Blancanieves (Pablo Berger - Spain/France) 90 minutes
The craze for silent cinema continues. Following the Oscar-winning The Artist and Miguel Gomes’s half-silent Tabu, the latest offering is from Spain, by director Pablo Berger. Blancanieves, an adaptation of Snow White, is closer to the The Artist in appearance but its sensibility is more similar to Gomes’s. It is not simply a fine silent film that is largely free of gimmicks (unlike Michel Hazanavicius’s Oscar winner) but a first-rate, at times ingenious, literary adaptation.
The action begins in the bullrings of Seville in the early 20th century, with maestro toreador António Villalta at his peak, only to be horrendously gored by the bull when he is momentarily blinded by a photographer’s flash. His pregnant wife witnesses it and goes into labour from the distress. The two are taken to hospital, where Villalta’s life is saved but the wife dies during childbirth. Villalta then marries his scheming nurse Encarna (a brilliantly icy Maribel Verdú, from Y Tu Mama También and Pan’s Labyrinth) and the young daughter, Carmencita, is packed off to live with her maternal grandmother.
After the grandmother’s death, the child goes to live with Encarna, where she is barred from seeing her father, wheelchair-bound and kept captive in his upstairs bedroom, but finds a way nonetheless. All this time she is subjected to the familiar cruelty and life of drudgery in the house’s lower quarters. After finally escaping the house, she meets up with a travelling circus troupe - seven dwarves, naturally. She is unable to remember her name so they baptise her Blancanieves ("like in the fairy tale", a wryly self-reflexive take on the source material). She finds she has inherited her father’s talent in the corrida and becomes a sensation in Andalusia, knocking Encarna off the front pages of the society magazines, provoking her stepmother’s ire.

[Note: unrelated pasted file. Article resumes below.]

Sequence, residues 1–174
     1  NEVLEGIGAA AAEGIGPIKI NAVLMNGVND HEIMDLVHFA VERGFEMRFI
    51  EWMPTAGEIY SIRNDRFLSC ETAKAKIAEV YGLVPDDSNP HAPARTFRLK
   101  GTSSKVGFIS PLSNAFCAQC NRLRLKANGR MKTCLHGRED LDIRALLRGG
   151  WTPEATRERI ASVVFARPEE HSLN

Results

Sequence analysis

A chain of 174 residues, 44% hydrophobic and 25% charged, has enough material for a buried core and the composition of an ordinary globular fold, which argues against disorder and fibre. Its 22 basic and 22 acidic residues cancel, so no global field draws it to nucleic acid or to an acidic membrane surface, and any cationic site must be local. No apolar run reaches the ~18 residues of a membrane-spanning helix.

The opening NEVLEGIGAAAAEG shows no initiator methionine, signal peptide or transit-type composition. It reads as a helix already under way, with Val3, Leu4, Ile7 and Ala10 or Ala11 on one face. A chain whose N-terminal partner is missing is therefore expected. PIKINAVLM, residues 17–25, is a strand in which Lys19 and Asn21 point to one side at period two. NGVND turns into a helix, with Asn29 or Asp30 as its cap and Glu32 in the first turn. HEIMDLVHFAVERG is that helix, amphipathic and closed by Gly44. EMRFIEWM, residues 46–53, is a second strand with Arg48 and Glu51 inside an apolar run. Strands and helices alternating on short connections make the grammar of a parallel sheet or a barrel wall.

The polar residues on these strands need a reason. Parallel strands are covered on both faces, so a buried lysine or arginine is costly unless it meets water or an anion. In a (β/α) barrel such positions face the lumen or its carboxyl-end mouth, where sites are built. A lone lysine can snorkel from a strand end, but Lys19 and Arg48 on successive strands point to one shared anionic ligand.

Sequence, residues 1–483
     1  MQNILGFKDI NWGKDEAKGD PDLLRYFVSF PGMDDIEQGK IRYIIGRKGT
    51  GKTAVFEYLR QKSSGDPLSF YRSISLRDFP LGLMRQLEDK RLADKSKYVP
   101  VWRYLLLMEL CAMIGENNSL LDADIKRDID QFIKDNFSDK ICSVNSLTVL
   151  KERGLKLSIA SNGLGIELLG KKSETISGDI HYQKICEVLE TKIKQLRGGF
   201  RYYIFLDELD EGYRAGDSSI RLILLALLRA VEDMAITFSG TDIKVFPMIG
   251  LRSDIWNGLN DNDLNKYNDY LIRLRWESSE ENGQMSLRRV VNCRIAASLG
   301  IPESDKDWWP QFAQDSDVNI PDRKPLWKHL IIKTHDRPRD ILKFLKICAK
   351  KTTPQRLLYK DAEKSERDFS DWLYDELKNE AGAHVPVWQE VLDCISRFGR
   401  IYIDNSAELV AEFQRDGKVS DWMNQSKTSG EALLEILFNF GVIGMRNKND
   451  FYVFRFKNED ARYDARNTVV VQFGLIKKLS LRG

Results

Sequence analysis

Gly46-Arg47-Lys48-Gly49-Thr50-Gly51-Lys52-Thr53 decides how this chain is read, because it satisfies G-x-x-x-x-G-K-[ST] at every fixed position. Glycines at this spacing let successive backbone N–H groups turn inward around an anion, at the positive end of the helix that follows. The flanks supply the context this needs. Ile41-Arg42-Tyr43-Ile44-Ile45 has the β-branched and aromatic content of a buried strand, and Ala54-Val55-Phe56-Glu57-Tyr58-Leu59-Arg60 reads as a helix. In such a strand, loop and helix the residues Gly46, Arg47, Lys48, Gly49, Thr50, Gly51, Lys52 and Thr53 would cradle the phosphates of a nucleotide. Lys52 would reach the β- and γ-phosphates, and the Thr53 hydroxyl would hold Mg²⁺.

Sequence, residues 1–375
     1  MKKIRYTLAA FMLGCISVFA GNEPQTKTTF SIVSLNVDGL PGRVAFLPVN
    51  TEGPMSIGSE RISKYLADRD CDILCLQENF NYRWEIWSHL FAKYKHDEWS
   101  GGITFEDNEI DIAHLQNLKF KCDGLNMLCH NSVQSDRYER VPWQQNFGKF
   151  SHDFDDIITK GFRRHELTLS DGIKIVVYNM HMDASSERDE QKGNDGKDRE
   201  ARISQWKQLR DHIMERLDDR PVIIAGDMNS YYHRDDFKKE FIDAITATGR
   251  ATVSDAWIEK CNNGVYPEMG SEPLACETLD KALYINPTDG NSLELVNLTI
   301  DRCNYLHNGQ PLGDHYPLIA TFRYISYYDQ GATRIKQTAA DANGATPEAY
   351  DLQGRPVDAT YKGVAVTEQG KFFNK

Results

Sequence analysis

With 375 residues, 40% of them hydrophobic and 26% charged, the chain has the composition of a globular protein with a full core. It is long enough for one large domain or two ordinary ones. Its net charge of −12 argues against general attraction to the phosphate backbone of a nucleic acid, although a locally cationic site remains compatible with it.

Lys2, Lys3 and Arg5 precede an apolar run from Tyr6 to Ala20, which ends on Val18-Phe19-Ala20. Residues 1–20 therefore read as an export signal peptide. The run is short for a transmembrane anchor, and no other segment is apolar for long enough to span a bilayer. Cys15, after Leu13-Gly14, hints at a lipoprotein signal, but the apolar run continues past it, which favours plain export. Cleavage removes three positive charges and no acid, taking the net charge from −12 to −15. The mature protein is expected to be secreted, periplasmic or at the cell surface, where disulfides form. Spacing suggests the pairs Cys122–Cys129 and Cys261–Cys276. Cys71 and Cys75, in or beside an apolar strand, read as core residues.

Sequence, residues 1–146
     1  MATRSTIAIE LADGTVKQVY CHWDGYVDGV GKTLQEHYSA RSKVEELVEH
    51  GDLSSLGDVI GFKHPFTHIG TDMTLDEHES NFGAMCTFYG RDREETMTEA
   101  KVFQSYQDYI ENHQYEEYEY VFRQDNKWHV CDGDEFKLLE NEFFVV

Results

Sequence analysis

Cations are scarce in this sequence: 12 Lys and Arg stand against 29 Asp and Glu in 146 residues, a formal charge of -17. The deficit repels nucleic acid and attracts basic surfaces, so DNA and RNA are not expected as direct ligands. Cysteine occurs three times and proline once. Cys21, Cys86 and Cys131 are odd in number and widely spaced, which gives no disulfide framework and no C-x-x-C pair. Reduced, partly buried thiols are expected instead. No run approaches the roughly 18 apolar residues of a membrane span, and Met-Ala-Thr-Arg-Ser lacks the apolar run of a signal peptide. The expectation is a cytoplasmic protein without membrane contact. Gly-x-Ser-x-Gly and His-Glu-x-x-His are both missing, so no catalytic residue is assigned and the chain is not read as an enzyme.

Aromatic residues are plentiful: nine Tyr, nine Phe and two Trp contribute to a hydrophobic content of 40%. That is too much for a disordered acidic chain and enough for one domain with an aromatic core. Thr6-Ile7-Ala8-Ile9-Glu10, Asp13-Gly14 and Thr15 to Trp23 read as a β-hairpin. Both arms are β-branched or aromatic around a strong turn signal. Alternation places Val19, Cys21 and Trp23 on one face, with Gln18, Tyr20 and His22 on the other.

What makes Blancanieves particularly fresh is it doesn’t slavishly follow all the available tropes of silent cinema; though it is clearly a homage to European films of the silent era, it lets its story breathe and mines other arts and later cinema too for its references. Kiko de la Rica’s hight-contrast black-and-white photography is a delight and both he and Berger excel at capturing the very photogenic charms of Seville. It is a slice of sun-drenched Latin Gothic that stands as an innovative film in its own right while also giving new life to an old fairytale (while simultaneously drawing elements from one or two others). Blancanieves’s success at the box-office in Spain, where it has been hailed as the best film of 2012 by none other than Pedro Almódovar, suggests that silent cinema may have an audience that will sustain it beyond being a simple fad. With the availability of silent films online now, it may well be that more people are receptive to films without sound than there have been since the advent of the talkies. That may or may not be the case but Blancanieves is likely to be a film that will last (certainly more so than The Artist).